maintained that it is proper to take an ‘’eye for an eye’’ and a life. Offenders deserve the worst
punishment under our system of law, and that is the death penalty.

There is no proof that any innocent person has actually been executed since increased
safeguards and appeals were added to our death penalty system in the 1970s. Even if such
executions have occurred, they are very rare. Imprisoning innocent people is also wrong, but
we cannot empty the prisons because of that minimal risk. If improvements are needed in the
system of representation, or in the use of scientific evidence such as DNA testing, then those
reforms should be instituted. However, the need for reform is not a reason to abolish the death
penalty. Besides, many of the claims of innocence by those who have been released from death
row are actually based on legal technicalities.

The death penalty alone imposes an irrevocable sentence. Once an inmate is executed,
nothing can be done to make amends if a mistake has been made. There is considerable
evidence that many mistakes have been made in sentencing people to death. Since 1973, at
least 121 people have been released from death row after evidence of their innocence emerged.
For every eight people executed, we have found one person on death row who never should
have been convicted. These statistics represent an in tolerate risk of executing the innocent.
Our capital punishment system is unreliable: two thirds of all capital trials contained serious
errors.

My Argument

Death penalty shows justice. There will be justice when we punish the guilty. It shows
quality, on T.V I have seen people being interviewed because one or some of their relatives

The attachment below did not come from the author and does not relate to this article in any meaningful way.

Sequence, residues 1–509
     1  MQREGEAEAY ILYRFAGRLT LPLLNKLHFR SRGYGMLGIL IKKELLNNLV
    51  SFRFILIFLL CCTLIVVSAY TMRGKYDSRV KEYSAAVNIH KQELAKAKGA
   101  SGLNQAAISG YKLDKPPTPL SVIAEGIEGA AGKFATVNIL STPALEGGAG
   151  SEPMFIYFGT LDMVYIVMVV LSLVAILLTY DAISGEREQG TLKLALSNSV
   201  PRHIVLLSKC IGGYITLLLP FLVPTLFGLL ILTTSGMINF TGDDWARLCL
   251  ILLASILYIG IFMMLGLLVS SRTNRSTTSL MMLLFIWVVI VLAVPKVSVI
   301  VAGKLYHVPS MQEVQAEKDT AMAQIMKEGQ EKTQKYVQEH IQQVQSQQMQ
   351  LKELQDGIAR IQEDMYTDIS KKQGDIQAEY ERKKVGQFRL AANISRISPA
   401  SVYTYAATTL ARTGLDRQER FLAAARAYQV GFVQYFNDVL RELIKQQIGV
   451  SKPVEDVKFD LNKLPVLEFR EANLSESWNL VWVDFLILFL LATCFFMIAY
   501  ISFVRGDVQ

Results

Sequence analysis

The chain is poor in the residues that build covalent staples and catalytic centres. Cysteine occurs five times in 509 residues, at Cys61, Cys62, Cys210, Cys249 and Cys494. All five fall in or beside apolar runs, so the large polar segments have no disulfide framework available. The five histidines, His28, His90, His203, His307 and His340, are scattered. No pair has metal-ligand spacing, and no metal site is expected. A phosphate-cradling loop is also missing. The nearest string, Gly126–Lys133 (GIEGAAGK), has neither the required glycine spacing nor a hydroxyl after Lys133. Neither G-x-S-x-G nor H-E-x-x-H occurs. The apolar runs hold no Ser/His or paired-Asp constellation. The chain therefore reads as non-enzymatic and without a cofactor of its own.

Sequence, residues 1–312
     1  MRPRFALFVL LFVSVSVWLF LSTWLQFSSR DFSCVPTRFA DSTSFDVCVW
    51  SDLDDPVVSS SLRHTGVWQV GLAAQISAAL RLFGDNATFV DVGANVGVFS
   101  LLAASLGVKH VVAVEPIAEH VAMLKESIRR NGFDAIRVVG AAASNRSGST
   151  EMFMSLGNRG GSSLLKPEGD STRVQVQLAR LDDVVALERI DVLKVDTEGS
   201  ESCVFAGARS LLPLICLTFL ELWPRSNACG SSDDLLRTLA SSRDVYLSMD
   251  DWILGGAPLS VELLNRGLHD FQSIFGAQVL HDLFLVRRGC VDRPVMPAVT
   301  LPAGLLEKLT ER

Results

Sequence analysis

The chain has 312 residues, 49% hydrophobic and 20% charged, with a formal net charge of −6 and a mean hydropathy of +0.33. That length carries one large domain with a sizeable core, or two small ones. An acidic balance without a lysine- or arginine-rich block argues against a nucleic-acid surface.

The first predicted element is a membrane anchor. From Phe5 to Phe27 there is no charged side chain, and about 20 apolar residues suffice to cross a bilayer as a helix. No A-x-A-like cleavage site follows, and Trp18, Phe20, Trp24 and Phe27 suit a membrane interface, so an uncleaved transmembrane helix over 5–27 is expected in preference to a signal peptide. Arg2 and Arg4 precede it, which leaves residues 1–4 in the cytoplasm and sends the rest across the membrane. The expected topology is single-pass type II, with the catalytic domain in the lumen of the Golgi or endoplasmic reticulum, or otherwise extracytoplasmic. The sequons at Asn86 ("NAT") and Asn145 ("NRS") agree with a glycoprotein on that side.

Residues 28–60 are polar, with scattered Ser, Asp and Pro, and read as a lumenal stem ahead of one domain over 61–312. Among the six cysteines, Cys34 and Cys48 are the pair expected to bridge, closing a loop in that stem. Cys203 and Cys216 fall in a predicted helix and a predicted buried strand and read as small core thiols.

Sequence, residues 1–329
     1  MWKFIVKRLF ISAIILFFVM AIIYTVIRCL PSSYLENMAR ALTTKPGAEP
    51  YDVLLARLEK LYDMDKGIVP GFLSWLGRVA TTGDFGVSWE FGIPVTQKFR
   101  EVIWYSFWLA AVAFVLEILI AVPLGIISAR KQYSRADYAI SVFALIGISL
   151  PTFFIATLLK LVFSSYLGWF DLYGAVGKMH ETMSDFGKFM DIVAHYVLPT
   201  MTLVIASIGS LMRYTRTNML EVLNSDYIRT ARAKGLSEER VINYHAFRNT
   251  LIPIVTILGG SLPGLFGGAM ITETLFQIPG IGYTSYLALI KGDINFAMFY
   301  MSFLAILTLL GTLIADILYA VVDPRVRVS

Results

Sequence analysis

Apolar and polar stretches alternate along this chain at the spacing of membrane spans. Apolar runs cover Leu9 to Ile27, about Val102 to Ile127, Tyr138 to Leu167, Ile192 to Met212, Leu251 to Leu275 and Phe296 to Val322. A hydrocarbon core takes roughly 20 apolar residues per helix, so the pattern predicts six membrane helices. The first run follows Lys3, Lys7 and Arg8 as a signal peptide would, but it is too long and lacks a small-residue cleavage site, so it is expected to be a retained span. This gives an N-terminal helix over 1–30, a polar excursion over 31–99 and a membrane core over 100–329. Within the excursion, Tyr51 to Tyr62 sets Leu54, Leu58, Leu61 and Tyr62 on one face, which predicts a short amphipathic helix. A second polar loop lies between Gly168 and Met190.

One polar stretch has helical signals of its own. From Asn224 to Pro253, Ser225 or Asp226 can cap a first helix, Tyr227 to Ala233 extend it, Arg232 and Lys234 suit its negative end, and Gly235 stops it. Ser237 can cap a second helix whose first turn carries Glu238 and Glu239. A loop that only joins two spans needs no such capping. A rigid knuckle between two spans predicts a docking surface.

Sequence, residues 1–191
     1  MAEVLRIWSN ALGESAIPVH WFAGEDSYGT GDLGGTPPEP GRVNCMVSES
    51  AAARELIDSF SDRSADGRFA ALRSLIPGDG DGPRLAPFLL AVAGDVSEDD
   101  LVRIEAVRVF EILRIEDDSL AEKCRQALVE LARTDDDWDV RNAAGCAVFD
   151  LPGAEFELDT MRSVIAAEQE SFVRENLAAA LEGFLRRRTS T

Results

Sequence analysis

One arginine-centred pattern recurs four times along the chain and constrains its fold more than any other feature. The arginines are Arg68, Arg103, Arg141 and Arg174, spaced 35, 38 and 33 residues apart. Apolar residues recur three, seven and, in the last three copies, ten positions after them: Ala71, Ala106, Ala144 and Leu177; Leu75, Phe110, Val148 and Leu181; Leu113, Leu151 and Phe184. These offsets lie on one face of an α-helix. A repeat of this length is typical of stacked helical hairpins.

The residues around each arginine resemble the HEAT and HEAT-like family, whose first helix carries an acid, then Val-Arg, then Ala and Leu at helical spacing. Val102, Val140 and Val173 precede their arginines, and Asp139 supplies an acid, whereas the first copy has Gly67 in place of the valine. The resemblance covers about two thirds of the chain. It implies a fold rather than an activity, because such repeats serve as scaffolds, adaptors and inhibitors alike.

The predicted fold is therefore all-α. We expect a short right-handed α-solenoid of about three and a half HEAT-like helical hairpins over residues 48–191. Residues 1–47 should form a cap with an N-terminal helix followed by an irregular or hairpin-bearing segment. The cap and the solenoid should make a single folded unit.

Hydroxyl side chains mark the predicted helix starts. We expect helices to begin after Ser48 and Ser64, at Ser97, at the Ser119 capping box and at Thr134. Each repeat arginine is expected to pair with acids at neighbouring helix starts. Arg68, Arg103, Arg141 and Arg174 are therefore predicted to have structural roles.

died. There are crying for help and wanting justice for the death of their loved ones. I know for
sure that justice can only be the solution for them to be relieved. A serious crimes must have
serious penalty and that is death. Justice can dignify a person.
According to Bedau H (1982), Most people have a natural fear of death-it’s a trait man
have to think about what will happen before we act, if we don’t think it consciously, we will
think about it unconsciously. Think, if every murdered who killed someone died instantly, the
homicide rate would be very low because no one like to die. We cannot do this, but if the justice
system can make it more swift and severe, we could change the laws to make capital
punishment faster and make an appeals a shorter process. The death penalty is important
because it could save the lives of thousands of potential victims who are at stake.

Conclusion

Death penalty is one of the debatable in the criminal justice system. Today, there are
many pros and cons to this death penalty issues. However, if people weight the argument
properly, and have empathy for the victims, they will be more inclined to favor capital
punishment. As a matter of fact, most people in the Philippines today are in favor of it. But
we need more states to enforce the death penalty.